Every once in a while I find it really convenient to use a tree-like project explorer to get an overview of the project I'm working on. For me this is especially the case when working on new projects or during pair-prgramming sessions. This feature has become ubiquitous in all editors and Emacs does have quit a lot of packages that try to solve this problem. Throughout the years I've tried a couple of them (some examples being sr-speedbar, project-explorer, emacs-neotree) but none of them really seem to cut it for me so I sat down and did a bit of elisp.
Here are a couple of the features I was looking for
- It should be projectile project aware
- It should be attached to a single frame. I usually have one frame for each project I'm working on and as such I need one for each frame.
- It would be nice if it displayed folders before files
- It should be positioned on either the right or left side of the frame
- The window shouldn't be affected by
delete-other-windowsand similar functions.
- The window should never be overtaken by another buffer
I believe I've accomplished this without too much hacking around; I'm using a couple of packages and some built-in emacs features.
Lets start with the packages. I'm using use-package to configure all my emacs packages; if you aren't using it already I can really recommend it.
The first part of the solution is dired-subtree. This is a very helpful package that makes it possible to insert a subdirectory as a separate listing in the active dired buffer thus giving you a tree-like dired buffer.
(use-package dired-subtree :demand :bind (:map dired-mode-map ("<enter>" . mhj/dwim-toggle-or-open) ("<return>" . mhj/dwim-toggle-or-open) ("<tab>" . mhj/dwim-toggle-or-open) ("<down-mouse-1>" . mhj/mouse-dwim-to-toggle-or-open)) :config (progn ;; Function to customize the line prefixes (I simply indent the lines a bit) (setq dired-subtree-line-prefix (lambda (depth) (make-string (* 2 depth) ?\s))) (setq dired-subtree-use-backgrounds nil)))
mhj/mouse-dwim-to-toggle-or-open are optional but I use them to
either expand a folder or open a file depending on the what is under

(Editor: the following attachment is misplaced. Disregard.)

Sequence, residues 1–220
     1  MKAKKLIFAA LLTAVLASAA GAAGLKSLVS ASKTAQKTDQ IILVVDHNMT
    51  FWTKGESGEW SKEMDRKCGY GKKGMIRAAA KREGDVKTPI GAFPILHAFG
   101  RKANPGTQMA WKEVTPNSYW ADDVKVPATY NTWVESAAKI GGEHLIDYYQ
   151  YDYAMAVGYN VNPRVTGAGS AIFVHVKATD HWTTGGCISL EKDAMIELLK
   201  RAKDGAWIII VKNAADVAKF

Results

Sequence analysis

the point when you execute it. Here's the implementation.
(defun mhj/dwim-toggle-or-open () "Toggle subtree or open the file." (interactive) (if (file-directory-p (dired-get-file-for-visit)) (progn (dired-subtree-toggle) (revert-buffer)) (dired-find-file))) (defun mhj/mouse-dwim-to-toggle-or-open (event) "Toggle subtree or the open file on mouse-click in dired." (interactive "e") (let* ((window (posn-window (event-end event))) (buffer (window-buffer window)) (pos (posn-point (event-end event)))) (progn (with-current-buffer buffer (goto-char pos) (mhj/dwim-toggle-or-open)))))
So now we have a
dired buffer that works as a tree-view. To have
dired put folders before files in its list, and to hide a couple of
files I don't care about I use the following configuration
(use-package dired :ensure nil :config (progn (setq insert-directory-program "/usr/local/opt/coreutils/libexec/gnubin/ls") (setq dired-listing-switches "-lXGh --group-directories-first") (add-hook 'dired-mode-hook 'dired-omit-mode) (add-hook 'dired-mode-hook 'dired-hide-details-mode)))
This configuration is for OS X. Notice that I use GNU
ls rather than
ls that ships with OS X as it doesn't support the command line
options we need for this. You can get this by running
(defun mhj/toggle-project-explorer () "Toggle the project explorer window." (interactive) (let* ((buffer (dired-noselect (projectile-project-root))) (window (get-buffer-window buffer))) (if window (mhj/hide-project-explorer) (mhj/show-project-explorer)))) (defun mhj/show-project-explorer () "Project dired buffer on the side of the frame. Shows the projectile root folder using dired on the left side of the frame and makes it a dedicated window for that buffer." (let ((buffer (dired-noselect (projectile-project-root)))) (progn (display-buffer-in-side-window buffer '((side . left) (window-width . 0.2))) (set-window-dedicated-p (get-buffer-window buffer) t)))) (defun mhj/hide-project-explorer () "Hide the project-explorer window." (let ((buffer (dired-noselect (projectile-project-root)))) (progn (delete-window (get-buffer-window buffer)) (kill-buffer buffer))))
The interesting functions here are
That's all it takes. I've been using it for a couple of weeks and so
far I've very happy with the solution. It's pretty convenient that it's
dired as it gives you a lot of features for free and it plays
well with other dired packages like dired-narrow.